A relatively small, but symbolically significant, fiscal surplus achieved by Oman for the first four months of this year – the outcome of austerity measures adopted by the government in response to weak oil prices and the pandemic — has lifted the outlook for the Sultanate’s public finances for the remainder of the year.
Figures published by the National Centre for Statistics and Information (NCSI) earlier this week indicate that Oman registered a surplus of RO 134.2 million for the January – April period of 2020. This compares with a deficit of RO 132.2 million for the corresponding period of 2019.
The uptick has been attributed not only to gradually improving oil prices but also to a slate of measures implemented by the government to offset the effects of the burgeoning global economic downturn on its finances.
“The overall improvement and resultant surplus was large because of an increase in oil revenue, cost controls adopted in civil and defense ministries and also because of privatisation proceeds,” said Loai Bataineh (pictured), Chief Executive Officer – Ubhar Capital SAOC, a local investment firm.
After sliding to multi-year lows, Oman’s crude oil benchmark has remained on the uptrend along with major international benchmarks since May when a global oil production cut, strongly supported by non-Opec Oman, came into effect. Oman Crude Oil Futures Contract settled at $42.99 a barrel in trading on the Dubai Mercantile Exchange (DME) on Wednesday.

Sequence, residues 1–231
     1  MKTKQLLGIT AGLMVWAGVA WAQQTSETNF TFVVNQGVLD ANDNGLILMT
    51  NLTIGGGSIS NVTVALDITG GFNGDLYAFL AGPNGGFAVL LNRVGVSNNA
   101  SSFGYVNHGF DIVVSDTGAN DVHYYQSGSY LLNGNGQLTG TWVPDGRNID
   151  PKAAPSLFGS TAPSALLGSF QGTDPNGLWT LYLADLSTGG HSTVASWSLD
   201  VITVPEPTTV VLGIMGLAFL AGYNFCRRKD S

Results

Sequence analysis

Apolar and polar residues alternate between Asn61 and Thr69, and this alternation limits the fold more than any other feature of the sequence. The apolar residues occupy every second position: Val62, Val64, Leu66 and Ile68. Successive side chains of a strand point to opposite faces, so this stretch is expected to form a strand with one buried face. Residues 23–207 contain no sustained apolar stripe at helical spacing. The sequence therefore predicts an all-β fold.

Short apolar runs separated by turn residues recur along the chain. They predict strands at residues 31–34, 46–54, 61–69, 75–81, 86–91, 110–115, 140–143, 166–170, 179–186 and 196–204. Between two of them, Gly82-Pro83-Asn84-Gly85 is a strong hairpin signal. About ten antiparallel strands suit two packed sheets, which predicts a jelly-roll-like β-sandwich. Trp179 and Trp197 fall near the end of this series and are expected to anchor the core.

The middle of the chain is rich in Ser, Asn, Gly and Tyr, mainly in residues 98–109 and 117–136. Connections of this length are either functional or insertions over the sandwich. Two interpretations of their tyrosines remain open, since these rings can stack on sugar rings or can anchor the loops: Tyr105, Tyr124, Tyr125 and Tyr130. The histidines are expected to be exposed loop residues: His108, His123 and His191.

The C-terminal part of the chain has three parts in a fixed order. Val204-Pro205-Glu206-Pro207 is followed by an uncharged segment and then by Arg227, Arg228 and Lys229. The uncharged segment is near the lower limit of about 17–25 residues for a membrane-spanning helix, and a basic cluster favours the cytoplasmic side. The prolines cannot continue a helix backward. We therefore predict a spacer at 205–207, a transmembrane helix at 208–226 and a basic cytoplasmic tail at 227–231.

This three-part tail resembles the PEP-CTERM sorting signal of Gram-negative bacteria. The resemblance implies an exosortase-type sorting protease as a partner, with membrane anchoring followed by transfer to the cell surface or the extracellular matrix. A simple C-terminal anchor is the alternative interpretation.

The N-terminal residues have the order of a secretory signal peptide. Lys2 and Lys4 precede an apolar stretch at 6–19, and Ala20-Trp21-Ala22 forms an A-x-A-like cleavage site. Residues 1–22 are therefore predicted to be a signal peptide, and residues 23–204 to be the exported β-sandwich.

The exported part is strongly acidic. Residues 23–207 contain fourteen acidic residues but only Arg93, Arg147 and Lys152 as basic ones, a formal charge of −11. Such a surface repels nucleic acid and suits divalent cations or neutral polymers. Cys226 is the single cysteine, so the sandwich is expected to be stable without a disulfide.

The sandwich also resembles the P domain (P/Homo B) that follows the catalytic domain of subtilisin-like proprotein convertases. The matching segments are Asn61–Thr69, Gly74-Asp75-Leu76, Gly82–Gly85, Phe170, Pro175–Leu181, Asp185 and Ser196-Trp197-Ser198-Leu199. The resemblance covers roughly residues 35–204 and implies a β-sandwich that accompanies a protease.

Net oil revenues were marginal up 3.2 per cent to RO 2.133 billion for the Jan – Apr period, up from RO 2.068 billion for the same period of last year. But gas revenues were down a hefty 22.7 per cent to RO 483.8 million this year, down from RO 625.6 million for the corresponding period of 2019.
On the expenditure side, defence and security establishments reported a 17.2 per cent decline in spending during the period, while investment expenditure fell 24.5 per cent. Development expenditure by civil ministers was also nearly halved to RO 171.2 million.
“Indeed, cost-cutting has helped a great deal in reducing the expenditure, which has aided in reporting a surplus over the last couple of months,” said Bataineh. “As per the government’s earlier announcements, we expect such cost rationalisation to continue in the coming period, which will aid in reporting better numbers in the coming period.”
But the interest burden on debt racked up by the government to help balance budgets in recent years will continue to weigh negatively on public finances, he warned. “Debt raised locally and internationally by the Sultanate in the last couple of years has resulted in an increase in interest on loans. It is estimated to remain higher in the coming 1-2 years but as soon as the loan taken on a higher rate matures and is replaced with a lower rate, we will see a gradual decline in interest,” he explained.
Interest on loans surged 62.7 per cent to RO 309.6 million during the Jan – Apr period of this year, up from RO 190.3 million for the same period of 2019.
“However, interest rates globally are expected to remain lower because of COVI9-19 and the economic stimulus and quantitative easing measures. This will aid the Sultanate in lowering their cost of borrowings,” the banker added.